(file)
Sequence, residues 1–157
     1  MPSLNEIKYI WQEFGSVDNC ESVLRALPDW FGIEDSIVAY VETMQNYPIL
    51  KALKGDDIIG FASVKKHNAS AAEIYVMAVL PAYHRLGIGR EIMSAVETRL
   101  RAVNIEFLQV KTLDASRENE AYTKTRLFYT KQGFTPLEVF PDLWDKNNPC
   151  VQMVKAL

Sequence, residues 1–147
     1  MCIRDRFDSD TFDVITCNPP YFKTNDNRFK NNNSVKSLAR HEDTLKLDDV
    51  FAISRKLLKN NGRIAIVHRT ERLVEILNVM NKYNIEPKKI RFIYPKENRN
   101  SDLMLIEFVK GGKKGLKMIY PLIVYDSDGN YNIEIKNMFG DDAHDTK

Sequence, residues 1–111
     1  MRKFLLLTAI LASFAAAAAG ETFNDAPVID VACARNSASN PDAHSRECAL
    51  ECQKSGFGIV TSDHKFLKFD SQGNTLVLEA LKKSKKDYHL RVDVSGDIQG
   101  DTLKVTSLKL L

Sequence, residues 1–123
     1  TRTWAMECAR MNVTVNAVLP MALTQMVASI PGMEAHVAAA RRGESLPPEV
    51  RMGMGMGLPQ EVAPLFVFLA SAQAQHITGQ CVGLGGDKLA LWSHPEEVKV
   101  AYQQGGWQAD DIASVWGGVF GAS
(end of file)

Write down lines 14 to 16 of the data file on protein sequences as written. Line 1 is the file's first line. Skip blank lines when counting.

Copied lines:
Sequence, residues 1–123
     1  TRTWAMECAR MNVTVNAVLP MALTQMVASI PGMEAHVAAA RRGESLPPEV
    51  RMGMGMGLPQ EVAPLFVFLA SAQAQHITGQ CVGLGGDKLA LWSHPEEVKV